Sep. 3rd, 2009 08:09 am:
A blog post on the necessity of distrac—hey, a squirrel!

One of the big concerns that companies have when setting up IT departments is how much freedom to give to the workforce when it comes to the Internet.

There are two major philosophical ideas on the subject. The first is that employees are paid to work, not paid to surf the web, and that as such, any possibly distracting Internet sites that are not required to do the job should be off limits – or at least, harshly discouraged. The second is that if you treat your employees like robots, they’ll resent it, leading to on-the-job unhappiness, lost morale, loss of top talent, and therefore, overall loss of productivity.

It’s hard to find hard numbers supporting either theory though – until now. As it turns out, Dr. Brent Coker at the University of Melbourne studied the effects of "Workplace Internet Leisure Browsing" (or "Recreational Traffic" as I’ve come to call it), and found that "employees that surf the Internet for fun at work are more productive by about 9% than those who don’t."

The attraction of WILB, according to Dr Coker, can be attributed to people’s imperfect concentration. "People need to zone out for a bit to get back their concentration. Think back to when you were in class listening to a lecture – after about 20 minutes your concentration probably went right down, yet after a break your concentration was restored.

"It’s the same in the work place. Short and unobtrusive breaks, such as a quick surf of the internet, enables the mind to rest itself, leading to a higher total net concentration for a days work, and as a result, increased productivity."
This result is similar to an effect noted by Jackie Andrade, a professor of psychology at the University of Plymouth – people bored in meetings often "doodle" – because the brain needs to constantly process information, and doodling provides just enough brain-juice during a boring task to prevent the mind from running off into a full-scale daydream.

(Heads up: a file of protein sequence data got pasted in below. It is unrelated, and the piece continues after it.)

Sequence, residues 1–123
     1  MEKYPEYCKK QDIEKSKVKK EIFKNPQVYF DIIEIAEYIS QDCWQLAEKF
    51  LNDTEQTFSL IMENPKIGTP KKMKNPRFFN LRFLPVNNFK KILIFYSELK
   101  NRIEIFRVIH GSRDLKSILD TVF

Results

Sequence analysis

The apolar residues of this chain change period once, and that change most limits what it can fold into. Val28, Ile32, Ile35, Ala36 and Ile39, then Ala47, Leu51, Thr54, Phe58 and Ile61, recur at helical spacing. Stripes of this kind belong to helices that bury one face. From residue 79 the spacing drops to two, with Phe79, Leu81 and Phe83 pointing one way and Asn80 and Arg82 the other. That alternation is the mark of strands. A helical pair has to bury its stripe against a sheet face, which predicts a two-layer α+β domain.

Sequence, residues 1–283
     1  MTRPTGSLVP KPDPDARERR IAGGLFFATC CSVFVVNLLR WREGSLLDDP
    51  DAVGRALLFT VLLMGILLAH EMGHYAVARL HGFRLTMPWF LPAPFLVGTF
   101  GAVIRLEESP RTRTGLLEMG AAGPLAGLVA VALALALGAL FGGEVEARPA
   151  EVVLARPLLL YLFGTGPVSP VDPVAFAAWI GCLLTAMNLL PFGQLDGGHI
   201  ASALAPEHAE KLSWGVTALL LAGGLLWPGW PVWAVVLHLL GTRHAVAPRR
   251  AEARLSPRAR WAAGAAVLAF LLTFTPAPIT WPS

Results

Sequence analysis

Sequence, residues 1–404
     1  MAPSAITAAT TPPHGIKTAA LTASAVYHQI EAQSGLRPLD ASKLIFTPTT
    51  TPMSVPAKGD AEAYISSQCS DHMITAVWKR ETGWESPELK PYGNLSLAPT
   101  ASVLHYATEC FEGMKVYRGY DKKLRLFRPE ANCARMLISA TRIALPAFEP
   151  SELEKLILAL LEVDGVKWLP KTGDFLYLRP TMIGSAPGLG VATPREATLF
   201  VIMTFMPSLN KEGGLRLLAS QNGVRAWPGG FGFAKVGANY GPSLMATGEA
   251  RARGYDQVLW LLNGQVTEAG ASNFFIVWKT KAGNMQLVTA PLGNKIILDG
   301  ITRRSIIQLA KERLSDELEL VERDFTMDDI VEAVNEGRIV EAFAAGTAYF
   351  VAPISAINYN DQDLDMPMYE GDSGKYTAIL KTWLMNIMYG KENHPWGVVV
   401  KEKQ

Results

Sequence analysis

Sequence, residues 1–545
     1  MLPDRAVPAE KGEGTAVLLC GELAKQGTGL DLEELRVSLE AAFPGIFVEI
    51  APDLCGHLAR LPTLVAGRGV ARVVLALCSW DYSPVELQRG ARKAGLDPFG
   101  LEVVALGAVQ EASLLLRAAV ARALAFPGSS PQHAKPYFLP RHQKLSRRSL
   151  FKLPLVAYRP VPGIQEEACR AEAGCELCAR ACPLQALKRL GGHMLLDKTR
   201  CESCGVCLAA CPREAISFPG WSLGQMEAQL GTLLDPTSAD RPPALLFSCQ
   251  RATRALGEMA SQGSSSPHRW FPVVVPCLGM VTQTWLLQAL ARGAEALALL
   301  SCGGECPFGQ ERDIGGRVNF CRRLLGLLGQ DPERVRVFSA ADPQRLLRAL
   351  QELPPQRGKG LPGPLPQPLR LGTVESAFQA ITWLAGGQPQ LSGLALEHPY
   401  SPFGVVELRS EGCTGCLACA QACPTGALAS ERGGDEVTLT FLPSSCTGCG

"You wouldn't want the brain to just switch off, because a bear might walk up behind you and attack you; you need to be on the lookout for something happening," Andrade says.
A point of clarification – Andrade was talking about the evolutionary basis of doodling. No one has any reason to fear bear attacks during business meetings... yet.

Now, there may be security related reasons why one would want to not give desktop administrator access to employees, though this can be a pain, and reasons why you might block certain harmful Web sites and domains. But beyond that, there really isn’t a gain in blocking the distractions of the Internet; Facebook and IM and blogs and the like. has the story of "Lou" whose company blocked instant messaging, using the line that IMs could spread viruses. (This is technically, possibly true, because IM clients are executable files... but plaintext? Not so much.) So, to stay in contact with other people at the company where he worked, he wrote a proxy page and hosted it on his own external Web server.
"I was the information systems intern, with the web design experience, so I hacked together a script hosted on my own server that allowed us to chat with each other and with any friends that wanted to visit the link. It worked because it was browser based and no one had to install anything. But I messed up. The script would refresh the page every 10 seconds… and the IT guy in charge of the network soon noticed that certain computers were making hundreds of requests to my server per day. When he found out what we were doing, he logged into the script just long enough to say "There is no chatting allowed on the company network. Goodbye."He then banned my domain for the rest of the summer."
So instead of providing a new way for inter-departmental communication, the IT department just shut down that avenue and prompted resentment among employees. In fact, Lou goes on to write:
I'm glad I don't work there anymore, and since then I've only worked for smaller firms that don't do this kind of crippling to your computer usage.
Which really is the whole point – employees don’t want to feel like children – like they can’t be trusted, and have to be kept away from anything interesting. So the smart people – that is, the people who are worth the most to your business – are less likely to work for you, rather than your competitors, if you treat them that way.

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